Antarctic Life

A frozen outlook on life on the ice

Within the Antarctic Circle

Weddell Sea, Antarctica 71.2510°S, 15.4014°W

Temperature: -4.9°C

Sea Temperature: -1.5°C

It has been a while since the last update and quite a bit has changed.

On our travels south we spent a night on the beautiful island of Saint Helena which was an amazing experience, particularly because it was one of the last opportunities to visit the island in it's current state before the airport is finished which will rapidly change the character of the island. It is a relatively small island with one main town but plenty of things to see, including Napoleon's house where he was exiled for his final days. From St. Helena we travelled to Cape Town where we spent a very relaxing 11 days before moving on towards our final destination. I will write more about Saint Helena and Cape Town in further posts at a later date.

Crabeater sealA crabeater seal relaxing on an ice floe

For now though we have finally hit the ice and are nearing Halley. After expecting a rough transit once we reached the 40's, 50's and then 60's I was pleasantly surprised to find that the seas were relatively calm and the notorious Southern ocean was very mild mannered - a highly unusual thing. We left just ahead of the German Antarctic vessel Polar Stern and the South African Agulhas II. We were considerably more lucky than they - the both got caught up in a storm which was coming up behind us.

We reached the first bit of pack at 55°S which is very far north and one of the reasons that the seas were so calm at that latitude as the ice tends to act as a break for the swell. This soon turned into more dense ice and it has been a daily habit for us to check the latest ice images - purple pixels being areas 6km square where the ice is 100% density, however it gives no indication as to how thick this ice is.

I have included some of the ice images from Polar View which is available at, the black and white ice image SAR image shows the area around Halley with some massive bergs upwards of 20 miles long, whereas the coloured image shows the ice density, purple being 100% coverage and blue being less than 20%.

As you can see from the images, there are shore leads next to the coast where there is open water which is where the ship is aiming in order to get a relatively ice-free run into Halley. The problem with these images is that they are always approximately 12 hours old, by which time the ice has shifted position and can only be used as a rough guide.

The Ernest Shackleton is an A1 class icebreaker allowing us to repeatedly ram multi-year ice at up to 8-9 knots. Despite this there are still sections of ice which are too thick to penetrate - before we even reached 60 degrees south we hit a patch of ice which stopped us dead, forcing us to move astern (reverse).

We are currently about 40 miles from the coast but at several points we have been heading back north trying to find the best route in and are about 400 miles from Halley. Due to the nature of icebreaking this could be a few days or considerably longer depending on how quickly we find our way through. The best way I can describe it is like an elaborate game of chess, picking the best route to the shore lead.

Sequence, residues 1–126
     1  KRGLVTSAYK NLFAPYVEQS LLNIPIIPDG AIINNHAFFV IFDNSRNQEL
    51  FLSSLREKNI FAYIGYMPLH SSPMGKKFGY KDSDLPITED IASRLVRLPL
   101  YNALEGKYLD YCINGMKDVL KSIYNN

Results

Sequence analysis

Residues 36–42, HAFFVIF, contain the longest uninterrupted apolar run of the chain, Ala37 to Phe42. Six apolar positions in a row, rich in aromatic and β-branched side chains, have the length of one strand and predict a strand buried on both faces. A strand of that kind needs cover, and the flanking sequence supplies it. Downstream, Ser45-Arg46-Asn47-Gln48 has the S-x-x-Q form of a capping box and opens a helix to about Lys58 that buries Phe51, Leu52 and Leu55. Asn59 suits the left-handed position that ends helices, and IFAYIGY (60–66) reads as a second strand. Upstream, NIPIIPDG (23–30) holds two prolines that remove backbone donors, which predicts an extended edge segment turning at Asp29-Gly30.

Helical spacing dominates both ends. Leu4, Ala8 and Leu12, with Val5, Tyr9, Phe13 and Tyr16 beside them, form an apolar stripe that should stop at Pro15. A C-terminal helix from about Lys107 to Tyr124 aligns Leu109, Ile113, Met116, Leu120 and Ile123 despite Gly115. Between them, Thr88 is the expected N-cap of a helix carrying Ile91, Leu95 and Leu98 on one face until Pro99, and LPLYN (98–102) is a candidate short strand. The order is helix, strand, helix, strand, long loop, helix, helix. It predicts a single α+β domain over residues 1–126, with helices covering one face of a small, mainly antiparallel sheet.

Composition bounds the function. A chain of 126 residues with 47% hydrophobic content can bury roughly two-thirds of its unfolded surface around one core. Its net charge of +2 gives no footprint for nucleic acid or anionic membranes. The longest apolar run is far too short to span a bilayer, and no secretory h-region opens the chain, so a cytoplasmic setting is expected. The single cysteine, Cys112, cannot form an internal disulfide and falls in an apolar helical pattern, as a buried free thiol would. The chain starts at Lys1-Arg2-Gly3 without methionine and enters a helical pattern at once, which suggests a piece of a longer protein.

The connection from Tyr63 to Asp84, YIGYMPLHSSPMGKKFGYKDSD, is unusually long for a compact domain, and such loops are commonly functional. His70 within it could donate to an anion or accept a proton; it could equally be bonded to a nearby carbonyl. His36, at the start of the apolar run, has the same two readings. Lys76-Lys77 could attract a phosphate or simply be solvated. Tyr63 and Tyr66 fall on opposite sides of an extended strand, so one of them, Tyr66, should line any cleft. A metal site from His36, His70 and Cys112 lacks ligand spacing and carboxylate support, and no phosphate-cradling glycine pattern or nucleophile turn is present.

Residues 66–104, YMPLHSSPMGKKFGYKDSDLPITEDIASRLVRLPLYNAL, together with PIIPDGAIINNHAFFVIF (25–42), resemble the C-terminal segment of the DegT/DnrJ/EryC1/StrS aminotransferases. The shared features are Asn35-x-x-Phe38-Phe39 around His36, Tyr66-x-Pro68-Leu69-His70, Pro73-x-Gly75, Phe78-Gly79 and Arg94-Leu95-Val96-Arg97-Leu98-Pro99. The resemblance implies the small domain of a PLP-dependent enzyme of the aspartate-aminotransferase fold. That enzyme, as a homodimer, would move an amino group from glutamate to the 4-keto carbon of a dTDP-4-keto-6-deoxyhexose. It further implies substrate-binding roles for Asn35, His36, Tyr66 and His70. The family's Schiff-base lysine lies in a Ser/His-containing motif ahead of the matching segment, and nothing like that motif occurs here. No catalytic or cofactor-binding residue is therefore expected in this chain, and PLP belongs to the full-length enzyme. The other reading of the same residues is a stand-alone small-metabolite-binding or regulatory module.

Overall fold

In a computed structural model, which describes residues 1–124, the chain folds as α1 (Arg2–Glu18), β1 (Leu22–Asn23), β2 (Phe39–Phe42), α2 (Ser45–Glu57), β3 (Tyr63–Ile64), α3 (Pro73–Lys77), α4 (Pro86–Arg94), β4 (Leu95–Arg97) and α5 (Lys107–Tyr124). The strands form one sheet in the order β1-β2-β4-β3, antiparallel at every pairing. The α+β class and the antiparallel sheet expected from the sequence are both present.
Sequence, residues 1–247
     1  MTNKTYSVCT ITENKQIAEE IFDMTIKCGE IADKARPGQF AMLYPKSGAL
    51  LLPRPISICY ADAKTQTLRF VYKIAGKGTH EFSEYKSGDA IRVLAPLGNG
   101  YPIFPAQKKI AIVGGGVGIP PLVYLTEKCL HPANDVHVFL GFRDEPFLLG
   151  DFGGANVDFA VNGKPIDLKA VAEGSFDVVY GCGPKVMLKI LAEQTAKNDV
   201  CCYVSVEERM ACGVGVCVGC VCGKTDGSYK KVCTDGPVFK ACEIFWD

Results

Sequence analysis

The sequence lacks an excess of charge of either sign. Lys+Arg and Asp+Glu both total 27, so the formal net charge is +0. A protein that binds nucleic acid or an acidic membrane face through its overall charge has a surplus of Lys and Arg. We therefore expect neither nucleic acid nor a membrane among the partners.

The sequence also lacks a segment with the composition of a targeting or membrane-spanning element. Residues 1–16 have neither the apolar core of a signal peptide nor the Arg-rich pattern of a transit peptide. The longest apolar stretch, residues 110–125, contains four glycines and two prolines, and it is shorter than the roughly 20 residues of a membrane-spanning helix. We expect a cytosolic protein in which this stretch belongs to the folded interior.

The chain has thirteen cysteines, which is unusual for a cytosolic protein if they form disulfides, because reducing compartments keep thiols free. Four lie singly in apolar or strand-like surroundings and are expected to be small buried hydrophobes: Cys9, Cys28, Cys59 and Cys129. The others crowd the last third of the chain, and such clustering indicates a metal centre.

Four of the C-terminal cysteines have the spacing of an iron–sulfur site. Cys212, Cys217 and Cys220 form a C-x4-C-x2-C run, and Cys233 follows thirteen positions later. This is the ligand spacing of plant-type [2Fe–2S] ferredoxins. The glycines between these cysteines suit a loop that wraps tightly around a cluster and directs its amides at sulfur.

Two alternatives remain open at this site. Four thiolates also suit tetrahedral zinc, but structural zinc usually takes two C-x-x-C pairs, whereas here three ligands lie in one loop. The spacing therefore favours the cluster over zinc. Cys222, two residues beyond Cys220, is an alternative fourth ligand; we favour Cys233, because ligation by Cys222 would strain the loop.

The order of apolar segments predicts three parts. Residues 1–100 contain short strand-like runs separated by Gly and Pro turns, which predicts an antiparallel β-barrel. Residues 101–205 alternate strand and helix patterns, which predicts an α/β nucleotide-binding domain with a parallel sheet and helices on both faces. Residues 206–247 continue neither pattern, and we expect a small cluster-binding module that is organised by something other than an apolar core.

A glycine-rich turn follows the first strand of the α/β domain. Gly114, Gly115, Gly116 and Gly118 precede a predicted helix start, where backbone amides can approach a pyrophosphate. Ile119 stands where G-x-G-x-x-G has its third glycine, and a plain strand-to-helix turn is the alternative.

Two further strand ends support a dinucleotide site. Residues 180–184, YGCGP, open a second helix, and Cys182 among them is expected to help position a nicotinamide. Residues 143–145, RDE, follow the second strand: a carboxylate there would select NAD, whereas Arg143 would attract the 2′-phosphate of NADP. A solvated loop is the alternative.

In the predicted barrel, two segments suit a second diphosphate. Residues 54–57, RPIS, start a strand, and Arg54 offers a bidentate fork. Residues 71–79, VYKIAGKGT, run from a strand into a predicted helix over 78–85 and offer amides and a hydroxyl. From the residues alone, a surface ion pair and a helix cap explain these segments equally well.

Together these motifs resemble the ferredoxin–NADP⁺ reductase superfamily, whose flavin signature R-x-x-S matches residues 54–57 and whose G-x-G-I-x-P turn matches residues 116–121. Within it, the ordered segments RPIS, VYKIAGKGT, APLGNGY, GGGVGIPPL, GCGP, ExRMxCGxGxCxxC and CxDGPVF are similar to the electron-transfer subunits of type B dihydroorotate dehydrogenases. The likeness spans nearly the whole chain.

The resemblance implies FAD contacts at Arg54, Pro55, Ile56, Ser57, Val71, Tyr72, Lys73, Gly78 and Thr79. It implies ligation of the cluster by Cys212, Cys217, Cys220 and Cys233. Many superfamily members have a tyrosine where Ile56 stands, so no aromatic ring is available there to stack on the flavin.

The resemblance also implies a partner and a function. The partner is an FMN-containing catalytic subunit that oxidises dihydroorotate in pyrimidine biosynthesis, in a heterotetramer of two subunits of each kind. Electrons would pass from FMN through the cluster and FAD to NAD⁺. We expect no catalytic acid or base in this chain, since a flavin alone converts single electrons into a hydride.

Ice BreakingBreaking through the ice south of 70 degrees

The journey down has provided a wealth of wildlife to observe. So far we have seen Emperor, Adelie and Chinstrap penguins, Crabeater, Weddell and Leopard seals, Minky and Humpback whales and various petrels and albatrosses. The temperature has been steadily dropping from Cape Town and wasn't long before it hit freezing, the sea temperature was also quite quick to drop, with a noticeable dip when we reached the convergence (meeting of the seas), which marked our entry to the Southern ocean. It is currently hovering around -1.5°C.

We passed the Antarctic circle (approx 66°S) 2 days ago and as a result we are now in permanent daylight 24 hours a day for the next few months.

I have been on the bridge a lot lately which is the one of the best places to spot any wildlife and icebergs (which are becoming increasingly common and set in ice floes making them more difficult to spot and therefore more dangerous - hitting an iceberg would result in considerable damage to the ship). The best place on the ship however is up in the conn tower, or the crow's nest, providing excellent views for miles around providing the weather is fair.

Trapped in the iceView from above of the Shackleton trapped in the ice, tantalisingly close to a lead

One of the most frustrating things about being in the ice is the noise when trying to sleep. At times it is a constant bashing, scraping, unnerving noise that can be almost deafening - I ALMOST miss the rocking motion of the rougher seas purely because it was that little bit quieter at night! Not long however until we reach the relative normality of Halley where the adventure for me will truly begin.